Did you make a New Year's resolution this year? Each year, roughly half of all Americans vow to make changes for the better. Losing weight, exercising more, reducing stress levels and spending more time with family and friends are some of the more popular resolutions. And each year roughly 90% of those Americans who made a resolution, failed to keep them.
As horse owners and equestrians, we have an advantage when it comes to keeping our resolutions. Taking care of our horses and riding helps us to burn more calories, get more exercise, reduces our stress levels and allows us to spend more time with our family or riding buddies. If one of these choices was your resolution this year, you will be happy to learn just how much your horse can help.
Copyright © 2012 - 2016 PonyZine, LLC
All Rights Reserved
Surprisingly, horseback riding and equine-related activities can burn quite a few calories. These figures, obtained from the calorie calculator on the HealthStatus.com website show just how many calories a 125 pound horse owner might burn in an hour at the stable:
Adding a 10 minute trot to the riding routine and spending another five minutes walking the horse until he is cool and we've added another 82 calories. This horsey workout now burns over 300 calories! Compare this to the same 125 pound person spending a half hour walking briskly (146 calories) or doing high-impact aerobics (199 calories). Most equestrians would agree, spending time at the barn is a far more pleasurable exercise option.
More importantly, understanding which equestrian activities burn the most calories can help us lose weight easier and faster. Riding at the posting trot or canter burns more calories than a quiet trail ride at a walk. Stable chores, like mucking stalls, carrying water and putting up hay all require large energy expenditures. By changing our stable routine to include more of these activities we can rev up our metabolism and drive away those unwanted pounds.
A 2009 Scientific American ™ article indicated that 75% of teenagers and adults in the US were deficient in Vitamin D, one of the fat-soluble vitamins used by the human body. Vitamin D3, often called the sunshine vitamin, is manufactured in the skin when UVB rays trigger a reaction that changes 7 dehydrocholesterol into cholecalciferol.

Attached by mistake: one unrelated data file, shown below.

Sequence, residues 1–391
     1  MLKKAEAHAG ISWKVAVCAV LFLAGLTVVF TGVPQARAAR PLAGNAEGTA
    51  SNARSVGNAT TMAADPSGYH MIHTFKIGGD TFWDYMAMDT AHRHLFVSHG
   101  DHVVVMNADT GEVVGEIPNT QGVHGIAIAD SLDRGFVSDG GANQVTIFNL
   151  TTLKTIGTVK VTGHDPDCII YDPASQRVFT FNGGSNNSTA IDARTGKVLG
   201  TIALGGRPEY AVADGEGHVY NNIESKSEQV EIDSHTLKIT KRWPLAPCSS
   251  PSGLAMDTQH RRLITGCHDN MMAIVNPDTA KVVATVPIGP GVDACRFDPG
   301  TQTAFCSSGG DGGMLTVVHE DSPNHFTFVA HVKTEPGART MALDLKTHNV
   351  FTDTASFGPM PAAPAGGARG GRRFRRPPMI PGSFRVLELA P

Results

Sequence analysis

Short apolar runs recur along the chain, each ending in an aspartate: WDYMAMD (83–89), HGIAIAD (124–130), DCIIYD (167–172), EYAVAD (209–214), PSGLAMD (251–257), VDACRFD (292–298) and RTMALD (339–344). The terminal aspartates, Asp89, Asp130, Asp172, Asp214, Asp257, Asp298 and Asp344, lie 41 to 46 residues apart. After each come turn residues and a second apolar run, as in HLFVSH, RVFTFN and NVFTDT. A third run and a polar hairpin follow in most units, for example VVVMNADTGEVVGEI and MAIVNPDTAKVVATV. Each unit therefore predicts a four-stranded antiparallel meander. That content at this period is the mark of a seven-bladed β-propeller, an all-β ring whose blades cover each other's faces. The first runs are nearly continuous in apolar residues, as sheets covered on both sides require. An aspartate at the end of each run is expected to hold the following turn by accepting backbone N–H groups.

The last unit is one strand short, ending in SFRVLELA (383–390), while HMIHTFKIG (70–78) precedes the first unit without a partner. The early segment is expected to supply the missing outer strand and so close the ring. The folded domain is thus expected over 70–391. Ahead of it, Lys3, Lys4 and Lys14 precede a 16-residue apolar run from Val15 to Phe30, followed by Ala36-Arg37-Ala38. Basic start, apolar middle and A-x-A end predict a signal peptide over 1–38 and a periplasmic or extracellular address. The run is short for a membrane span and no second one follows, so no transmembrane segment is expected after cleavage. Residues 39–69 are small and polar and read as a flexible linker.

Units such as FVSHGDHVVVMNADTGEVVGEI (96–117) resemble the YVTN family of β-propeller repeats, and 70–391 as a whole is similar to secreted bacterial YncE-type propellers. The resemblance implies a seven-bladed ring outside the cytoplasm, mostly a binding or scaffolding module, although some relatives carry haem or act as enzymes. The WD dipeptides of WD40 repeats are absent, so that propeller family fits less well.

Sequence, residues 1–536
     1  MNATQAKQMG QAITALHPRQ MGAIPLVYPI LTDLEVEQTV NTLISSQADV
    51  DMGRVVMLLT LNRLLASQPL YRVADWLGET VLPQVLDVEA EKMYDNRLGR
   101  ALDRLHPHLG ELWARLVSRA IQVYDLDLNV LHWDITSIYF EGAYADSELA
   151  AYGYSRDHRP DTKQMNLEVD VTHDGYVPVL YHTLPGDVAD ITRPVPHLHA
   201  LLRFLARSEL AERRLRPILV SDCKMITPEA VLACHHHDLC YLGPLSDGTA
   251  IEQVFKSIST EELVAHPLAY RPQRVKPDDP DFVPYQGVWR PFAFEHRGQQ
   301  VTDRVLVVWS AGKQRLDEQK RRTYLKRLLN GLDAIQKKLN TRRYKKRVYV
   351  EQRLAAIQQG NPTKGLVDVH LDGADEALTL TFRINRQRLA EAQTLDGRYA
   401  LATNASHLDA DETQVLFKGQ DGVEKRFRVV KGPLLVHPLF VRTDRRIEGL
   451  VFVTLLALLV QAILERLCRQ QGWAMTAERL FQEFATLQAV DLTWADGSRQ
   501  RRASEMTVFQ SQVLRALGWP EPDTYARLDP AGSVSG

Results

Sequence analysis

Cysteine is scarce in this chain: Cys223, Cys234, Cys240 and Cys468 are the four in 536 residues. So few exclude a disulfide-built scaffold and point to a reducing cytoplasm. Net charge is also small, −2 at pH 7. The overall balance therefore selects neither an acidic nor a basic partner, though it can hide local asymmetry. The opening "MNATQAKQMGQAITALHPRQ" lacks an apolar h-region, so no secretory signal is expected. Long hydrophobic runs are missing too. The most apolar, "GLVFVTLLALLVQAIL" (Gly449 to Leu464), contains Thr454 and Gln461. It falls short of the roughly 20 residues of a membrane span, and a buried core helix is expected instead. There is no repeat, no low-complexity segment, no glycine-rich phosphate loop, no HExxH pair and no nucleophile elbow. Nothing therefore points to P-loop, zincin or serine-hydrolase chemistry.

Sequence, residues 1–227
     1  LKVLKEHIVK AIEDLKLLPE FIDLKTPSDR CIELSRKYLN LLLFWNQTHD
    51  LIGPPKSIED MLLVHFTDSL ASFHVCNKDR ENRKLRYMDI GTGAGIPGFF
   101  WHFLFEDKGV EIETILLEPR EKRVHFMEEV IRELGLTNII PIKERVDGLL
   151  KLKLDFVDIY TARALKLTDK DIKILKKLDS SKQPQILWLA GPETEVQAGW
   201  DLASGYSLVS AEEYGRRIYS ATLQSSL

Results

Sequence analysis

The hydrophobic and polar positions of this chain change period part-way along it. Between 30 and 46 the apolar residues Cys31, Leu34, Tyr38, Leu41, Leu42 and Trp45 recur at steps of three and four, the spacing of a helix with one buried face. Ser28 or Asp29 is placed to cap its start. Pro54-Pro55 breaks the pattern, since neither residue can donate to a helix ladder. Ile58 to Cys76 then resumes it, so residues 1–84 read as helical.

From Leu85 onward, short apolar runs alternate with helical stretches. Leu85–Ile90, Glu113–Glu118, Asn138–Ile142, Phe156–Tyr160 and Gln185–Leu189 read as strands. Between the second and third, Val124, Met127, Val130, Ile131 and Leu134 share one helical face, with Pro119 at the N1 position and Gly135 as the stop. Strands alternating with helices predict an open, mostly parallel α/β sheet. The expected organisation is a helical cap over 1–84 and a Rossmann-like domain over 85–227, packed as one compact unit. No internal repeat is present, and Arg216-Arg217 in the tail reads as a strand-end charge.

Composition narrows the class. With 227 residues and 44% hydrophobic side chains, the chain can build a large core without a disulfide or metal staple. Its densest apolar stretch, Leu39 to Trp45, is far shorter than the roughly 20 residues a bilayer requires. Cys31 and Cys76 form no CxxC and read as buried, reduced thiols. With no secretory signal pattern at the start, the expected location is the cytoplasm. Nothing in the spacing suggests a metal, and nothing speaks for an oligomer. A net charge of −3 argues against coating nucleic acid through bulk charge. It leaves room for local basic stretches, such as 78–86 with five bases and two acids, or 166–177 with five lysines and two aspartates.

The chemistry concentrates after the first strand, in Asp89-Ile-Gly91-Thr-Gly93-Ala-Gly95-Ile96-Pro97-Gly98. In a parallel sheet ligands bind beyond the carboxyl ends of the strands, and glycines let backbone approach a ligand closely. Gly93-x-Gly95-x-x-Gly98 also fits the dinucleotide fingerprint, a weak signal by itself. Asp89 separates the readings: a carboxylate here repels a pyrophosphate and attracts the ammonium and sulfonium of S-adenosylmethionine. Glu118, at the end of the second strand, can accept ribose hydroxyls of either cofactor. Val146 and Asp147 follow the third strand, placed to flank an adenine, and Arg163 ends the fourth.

In the human body, vitamin D is essential to maintain healthy bones and regulate the immune system. It is believed to lower the risk or reduce the symptoms of several diseases including cancer, rheumatoid arthritis, asthma, and multiple sclerosis. It may also have a function in weight loss and maintaining brain function in the elderly.
Although many foods are fortified with Vitamin D, some recent studies indicate that these sources may not be adequate. This is not good news since Vitamin D production only occurs in the skin when the UVB index is greater than 3. Seasonal and weather conditions determine how much solar radiation reaches the surface of the earth. Generally, the UVB index reaches 3 most days in the tropics, but for those living in temperate regions (between the tropics and arctic circle) the UVB index stays below this level during the winter.
To compensate for this, the human body can store vitamin D for up to 60 days providing there were ample levels of vitamin production prior to winter. This, of course, is where our horses can help us. Spending time outdoors during the spring and fall exposes equestrians to an adequate level of sunlight to replenish Vitamin D levels. This puts us on the fast track to better health.
Conversely, too much exposure to the sun's radiation is associated with a higher risk of skin cancer, cataracts and premature aging of the skin. Sunscreen and protective clothing are the best ways to protect the skin from overexposure. Incidentally, several studies have shown that sunscreen usage has not been associated with insufficient levels of Vitamin D. For more information on the UVB level or to check the predicted UVB index for your area click here.